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12.Related to the above point, get to know some good makeup artists, these can make a huge difference to your portraits, especially at the start when your photoshop skills are likely to be a bit basic.  You will almost always need to pay for make up artists, because their material costs alone are quite high, but a good one is well worth it and will elevate your shoot to a new level.  Just make sure you allow a lot of extra time for the shoot, the first set of makeup will usually take 60-90 minutes depending on how chatty the MUA is!

There is a lot more I could say, but this is just my first attempt at putting down some thoughts.  I’ve been doing this for 4 years now.  I don’t make any money from shooting models, but I’ve gained a lot of other things and it’s been amazing fun.  One thing that may surprise you is how many new friends and contacts you make in this industry, that alone makes it worthwhile.

 

 

 

 

Shooting a gig with a D750 and the Fuji X-T1

I was asked to photograph a live gig this weekend, its a band I’ve seen before called Dirtbag.  They are really good and I’ve shot them before, but they wanted more shots with the crowd in this time.  From past experience in the very dark venues they go to I knew the Fuji might need some help, so I took a long a D750 and a 50mm 1.4 lens.  I got some great stuff with both cameras, here are some images ( I did use the flip screen on both cameras as well, it was very handy when trying to shoot above the crowd ).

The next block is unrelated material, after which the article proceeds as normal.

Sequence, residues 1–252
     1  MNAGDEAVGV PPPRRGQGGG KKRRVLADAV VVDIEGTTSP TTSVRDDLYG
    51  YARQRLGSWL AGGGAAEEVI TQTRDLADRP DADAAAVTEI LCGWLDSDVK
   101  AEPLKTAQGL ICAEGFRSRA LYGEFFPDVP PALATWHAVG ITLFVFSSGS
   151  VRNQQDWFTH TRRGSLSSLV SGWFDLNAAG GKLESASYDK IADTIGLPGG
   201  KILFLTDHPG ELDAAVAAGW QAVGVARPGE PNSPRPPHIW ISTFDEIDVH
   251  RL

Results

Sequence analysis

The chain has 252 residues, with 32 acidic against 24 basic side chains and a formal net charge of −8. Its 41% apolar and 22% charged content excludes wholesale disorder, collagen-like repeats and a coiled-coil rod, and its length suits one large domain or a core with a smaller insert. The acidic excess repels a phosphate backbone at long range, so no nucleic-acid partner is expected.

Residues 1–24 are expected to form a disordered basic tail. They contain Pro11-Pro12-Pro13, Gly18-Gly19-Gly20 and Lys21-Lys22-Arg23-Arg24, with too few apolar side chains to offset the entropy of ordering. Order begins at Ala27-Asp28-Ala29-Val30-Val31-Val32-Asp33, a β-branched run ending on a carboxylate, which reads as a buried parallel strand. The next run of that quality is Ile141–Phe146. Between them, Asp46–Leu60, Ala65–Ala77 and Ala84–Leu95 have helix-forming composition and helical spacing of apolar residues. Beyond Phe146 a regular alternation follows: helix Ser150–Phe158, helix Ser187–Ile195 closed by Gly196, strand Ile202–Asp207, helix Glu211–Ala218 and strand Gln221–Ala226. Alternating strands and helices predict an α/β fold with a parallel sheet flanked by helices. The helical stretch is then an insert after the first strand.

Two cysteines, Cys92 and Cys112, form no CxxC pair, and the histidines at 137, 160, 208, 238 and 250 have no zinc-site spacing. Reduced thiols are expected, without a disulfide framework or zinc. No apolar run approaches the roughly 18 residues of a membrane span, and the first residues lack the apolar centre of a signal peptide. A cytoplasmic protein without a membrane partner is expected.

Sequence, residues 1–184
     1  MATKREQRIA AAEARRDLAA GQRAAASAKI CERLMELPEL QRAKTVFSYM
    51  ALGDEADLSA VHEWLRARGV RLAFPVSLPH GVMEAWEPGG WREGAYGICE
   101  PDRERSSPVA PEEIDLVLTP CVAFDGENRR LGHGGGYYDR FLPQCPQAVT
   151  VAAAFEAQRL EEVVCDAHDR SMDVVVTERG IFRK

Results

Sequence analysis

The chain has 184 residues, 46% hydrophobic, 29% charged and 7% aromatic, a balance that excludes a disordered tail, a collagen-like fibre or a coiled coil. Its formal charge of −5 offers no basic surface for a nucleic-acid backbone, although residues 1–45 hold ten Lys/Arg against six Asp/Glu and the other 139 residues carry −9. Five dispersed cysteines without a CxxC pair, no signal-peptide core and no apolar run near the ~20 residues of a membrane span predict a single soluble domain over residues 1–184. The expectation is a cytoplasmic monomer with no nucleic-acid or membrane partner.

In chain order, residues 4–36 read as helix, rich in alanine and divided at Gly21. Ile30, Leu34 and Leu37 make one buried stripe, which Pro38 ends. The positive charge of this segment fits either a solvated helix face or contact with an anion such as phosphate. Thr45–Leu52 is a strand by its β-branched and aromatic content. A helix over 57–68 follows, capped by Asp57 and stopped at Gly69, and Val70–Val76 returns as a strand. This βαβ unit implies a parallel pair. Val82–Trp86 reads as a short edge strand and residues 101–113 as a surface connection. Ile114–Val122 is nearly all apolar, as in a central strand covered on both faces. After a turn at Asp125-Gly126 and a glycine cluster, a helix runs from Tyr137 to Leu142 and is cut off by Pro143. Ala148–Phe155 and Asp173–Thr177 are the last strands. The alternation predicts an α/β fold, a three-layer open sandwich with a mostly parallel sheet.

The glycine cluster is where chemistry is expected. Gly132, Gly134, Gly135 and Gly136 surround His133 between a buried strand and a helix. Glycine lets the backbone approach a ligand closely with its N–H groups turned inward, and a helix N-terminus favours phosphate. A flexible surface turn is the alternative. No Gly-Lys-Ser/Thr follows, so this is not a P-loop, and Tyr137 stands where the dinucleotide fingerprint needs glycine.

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Some Iceland landscape shots

*Disclaimer* I am not in any way a landscape photographer.  However, as I was over there and had a wide angle lens handy it seemed a shame to not take a few shots of such an incredible place.  Most of these were taken on the 16mm 1.4 lens on the Fuji X-T1.  _DSF4026 DSCF4582 DSCF4886 DSCF4519-1 DSCF4976 DSCF4979 DSCF5012 DSCF5553

The northern lights shots were shot on a tripod.  There were a bunch of us taking them and everyone got some nice shots, but because I had a 1.4 wide angle, which is quite unusual, I was able to keep the ISO at 200, over a 30 second exposure.  Also, the 16 1.4 is weather sealed, and in Iceland, that makes a huge difference, as there is almost always water hitting your camera!  I’ve heard some people moaning about the dynamic range of the Fuji’s but I’ve found it pretty good, not as good as a Nikon with the latest Sony sensor in it, but better than my old 5d mk 3, especially for pulling back highlights.  In conclusion, the 16mm 1.4 is an awesome landscape lens, which I also use for fashion work ( see image below ).